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2 votes

Is a fermionic boson possible?

If a wavefunction is symmetric under exchange of the particle labels, then it's a perfectly good bosonic state. If this just happens to arise as the product of antisymmetric spatial and spin states, ...
march's user avatar
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2 votes

Basic doubt in quantum mechanics

Are entities like electrons which are considered point particles in classical Mechanics have actually have a definite position at a particular time (irrespective of it can be measured or not)? The ...
hft's user avatar
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3 votes
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Basic doubt in quantum mechanics

This is a question that haunts anyone who is interested about the foundations of quantum mechanics. In standard textbook quantum mechanics, the answer would be no, the electron does not have a ...
Chang Hexiang's user avatar
4 votes

Basic doubt in quantum mechanics

In substance the answer is no. If you take electrons and pass them through an interference experiment, then the result in general can't be explained by assuming it just went down one of the paths in ...
alanf's user avatar
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3 votes
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Can any meaning be given to a path integral with no fixed end point?

Intead of a $\psi(x_{\rm final})$ number, it is a function $\psi $of the unstated endoint. When an $x$ is chosen you get the wavefunction $\psi(x,t)= \langle x|\psi(t)\rangle$. In other words, the ...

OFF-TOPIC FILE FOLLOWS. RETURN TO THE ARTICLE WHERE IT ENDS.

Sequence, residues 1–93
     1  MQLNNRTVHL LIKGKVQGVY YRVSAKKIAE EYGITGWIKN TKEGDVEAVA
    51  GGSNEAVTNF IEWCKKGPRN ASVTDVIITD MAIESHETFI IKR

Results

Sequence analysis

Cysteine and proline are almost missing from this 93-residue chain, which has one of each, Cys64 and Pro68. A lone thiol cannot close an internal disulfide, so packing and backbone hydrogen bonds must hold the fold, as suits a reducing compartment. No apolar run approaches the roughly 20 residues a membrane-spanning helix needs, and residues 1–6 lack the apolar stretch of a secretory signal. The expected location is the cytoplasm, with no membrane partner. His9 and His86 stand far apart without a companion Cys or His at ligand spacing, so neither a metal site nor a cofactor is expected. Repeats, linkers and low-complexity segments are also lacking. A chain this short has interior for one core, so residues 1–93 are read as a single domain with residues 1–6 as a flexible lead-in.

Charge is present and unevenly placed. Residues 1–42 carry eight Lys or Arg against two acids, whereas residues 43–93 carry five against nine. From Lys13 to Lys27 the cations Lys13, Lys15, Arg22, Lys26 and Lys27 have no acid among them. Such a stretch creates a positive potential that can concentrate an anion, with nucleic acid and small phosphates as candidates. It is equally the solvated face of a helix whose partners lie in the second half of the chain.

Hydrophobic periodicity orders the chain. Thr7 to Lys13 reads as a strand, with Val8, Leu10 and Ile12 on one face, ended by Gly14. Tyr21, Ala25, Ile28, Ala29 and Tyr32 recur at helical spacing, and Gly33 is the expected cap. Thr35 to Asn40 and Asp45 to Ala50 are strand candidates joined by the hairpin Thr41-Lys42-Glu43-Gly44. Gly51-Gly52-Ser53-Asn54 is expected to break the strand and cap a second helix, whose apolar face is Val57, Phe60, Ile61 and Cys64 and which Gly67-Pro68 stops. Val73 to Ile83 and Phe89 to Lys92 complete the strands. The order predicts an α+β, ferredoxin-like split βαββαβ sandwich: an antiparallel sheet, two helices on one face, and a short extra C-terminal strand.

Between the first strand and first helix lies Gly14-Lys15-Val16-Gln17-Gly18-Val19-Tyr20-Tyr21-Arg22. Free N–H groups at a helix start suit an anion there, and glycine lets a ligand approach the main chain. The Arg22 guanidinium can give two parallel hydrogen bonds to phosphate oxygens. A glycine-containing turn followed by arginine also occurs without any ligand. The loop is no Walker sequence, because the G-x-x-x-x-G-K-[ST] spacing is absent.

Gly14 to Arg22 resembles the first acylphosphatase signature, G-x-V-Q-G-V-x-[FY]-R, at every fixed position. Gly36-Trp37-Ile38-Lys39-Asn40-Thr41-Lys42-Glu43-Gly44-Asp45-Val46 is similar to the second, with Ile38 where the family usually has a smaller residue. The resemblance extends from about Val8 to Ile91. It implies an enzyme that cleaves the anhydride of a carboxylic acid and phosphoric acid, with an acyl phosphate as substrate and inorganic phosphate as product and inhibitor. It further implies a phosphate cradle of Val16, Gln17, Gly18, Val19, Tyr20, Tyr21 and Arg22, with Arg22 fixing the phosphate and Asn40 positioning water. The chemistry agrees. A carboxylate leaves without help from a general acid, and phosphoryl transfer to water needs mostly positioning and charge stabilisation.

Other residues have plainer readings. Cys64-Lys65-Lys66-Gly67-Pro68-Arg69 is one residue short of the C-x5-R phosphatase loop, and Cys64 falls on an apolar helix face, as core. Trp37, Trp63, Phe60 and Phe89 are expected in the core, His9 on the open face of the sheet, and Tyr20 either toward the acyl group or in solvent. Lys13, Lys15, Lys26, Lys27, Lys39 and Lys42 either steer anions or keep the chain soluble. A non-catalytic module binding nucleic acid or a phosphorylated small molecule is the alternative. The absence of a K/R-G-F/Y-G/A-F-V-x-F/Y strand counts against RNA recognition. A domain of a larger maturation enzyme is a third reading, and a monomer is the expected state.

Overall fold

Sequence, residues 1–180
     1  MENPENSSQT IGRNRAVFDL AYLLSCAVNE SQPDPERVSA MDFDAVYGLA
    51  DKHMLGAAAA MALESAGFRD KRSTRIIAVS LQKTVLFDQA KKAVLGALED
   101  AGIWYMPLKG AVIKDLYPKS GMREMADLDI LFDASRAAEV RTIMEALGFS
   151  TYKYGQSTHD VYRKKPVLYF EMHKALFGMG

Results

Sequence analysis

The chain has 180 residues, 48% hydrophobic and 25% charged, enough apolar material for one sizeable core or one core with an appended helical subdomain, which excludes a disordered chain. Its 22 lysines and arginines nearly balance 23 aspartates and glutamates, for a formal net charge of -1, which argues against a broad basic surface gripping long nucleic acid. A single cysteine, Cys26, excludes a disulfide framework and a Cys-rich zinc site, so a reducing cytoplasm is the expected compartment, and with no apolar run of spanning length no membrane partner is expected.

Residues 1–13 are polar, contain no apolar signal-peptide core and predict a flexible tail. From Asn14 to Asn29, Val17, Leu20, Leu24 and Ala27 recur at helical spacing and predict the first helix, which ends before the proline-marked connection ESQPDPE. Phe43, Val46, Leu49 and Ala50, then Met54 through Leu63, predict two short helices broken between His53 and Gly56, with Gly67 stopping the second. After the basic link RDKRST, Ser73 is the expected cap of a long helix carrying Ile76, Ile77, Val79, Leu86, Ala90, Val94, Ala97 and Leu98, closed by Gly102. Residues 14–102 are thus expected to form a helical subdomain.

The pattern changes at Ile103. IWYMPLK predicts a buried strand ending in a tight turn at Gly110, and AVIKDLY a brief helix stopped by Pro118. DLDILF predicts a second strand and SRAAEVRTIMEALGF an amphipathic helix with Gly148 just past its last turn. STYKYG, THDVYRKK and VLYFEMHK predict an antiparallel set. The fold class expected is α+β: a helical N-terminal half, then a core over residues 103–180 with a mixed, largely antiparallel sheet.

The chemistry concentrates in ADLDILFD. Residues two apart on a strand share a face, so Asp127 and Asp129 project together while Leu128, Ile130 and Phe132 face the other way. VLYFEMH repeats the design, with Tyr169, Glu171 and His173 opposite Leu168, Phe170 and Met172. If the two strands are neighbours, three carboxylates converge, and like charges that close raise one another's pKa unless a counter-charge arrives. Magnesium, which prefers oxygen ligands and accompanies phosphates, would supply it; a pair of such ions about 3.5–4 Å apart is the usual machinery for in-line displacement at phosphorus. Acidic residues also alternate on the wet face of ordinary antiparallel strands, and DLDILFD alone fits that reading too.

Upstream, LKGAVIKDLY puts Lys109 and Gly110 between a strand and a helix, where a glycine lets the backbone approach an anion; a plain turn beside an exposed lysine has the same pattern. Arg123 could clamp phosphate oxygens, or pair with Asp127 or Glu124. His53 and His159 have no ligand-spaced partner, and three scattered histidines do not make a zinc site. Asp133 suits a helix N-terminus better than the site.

mike stone's user avatar
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2 votes

A simple question in quanum mechanics on position and momenum eigenstates

First of all $\phi(x,t) = \sin(kx - \omega t)$ is not a momentum eigenstate. Its a super position of of $\exp(i(kx - \omega t))$ and $\exp(-i(kx - \omega t))$, which are momentum eigenstates for $+k$ ...
Zaph's user avatar
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0 votes

Does QM recognise empty waves?

It is the EM field that you are interested in here ... not just any field. The EM field propagates many virtual fields even before the photon is created. Virtual fields are your "empty waves&...
PhysicsDave's user avatar
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0 votes

Does QM recognise empty waves?

In QM the wave function is the fundamental physical property describing your system. In your case, before you disturb the system by the measurement, it will be an extended object reaching threw the ...
Zaph's user avatar
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1 vote
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Does QM recognise empty waves?

In the MWI what is happening in reality is described by quantum equations of motion. In the pilot wave theory reality is described by the same equations of motion with point particles sprinkled on top....
alanf's user avatar
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0 votes

Does QM recognise empty waves?

I'm glad you called the photon a particle and that's the main thing you need to remember. There is no wave unless your talking about millions of individual coherent photons radiating from a common ...
Bill Alsept's user avatar
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2 votes

Ordinarily continuous function of the wave function

In regard to your second question, I believe Griffiths is stating that, in general, the second integral is zero, and $d\psi/dx$ is continuous. However, when $V(x) \propto \delta(x)$, this statement no ...
Alejandra Mendez's user avatar
0 votes

Would a high energy Hydrogen atom start emanating electromagnetic radiation?

The physics others said in their answers are bang on. But we can also get to the error by saying that the Correspondence principle doesn't say what you say it does. That is because there is no single ...
Dr. Nate's user avatar
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1 vote
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Scattering Matrix and the Lippmann-Schwinger equation in QM

However, is there a formula that relates the S-matrix elements and these states $\psi^{(+)}$ and $\psi^{(-)}$? You have not provided a sufficiently detailed description of what exactly the $\psi^{(+)}...
hft's user avatar
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7 votes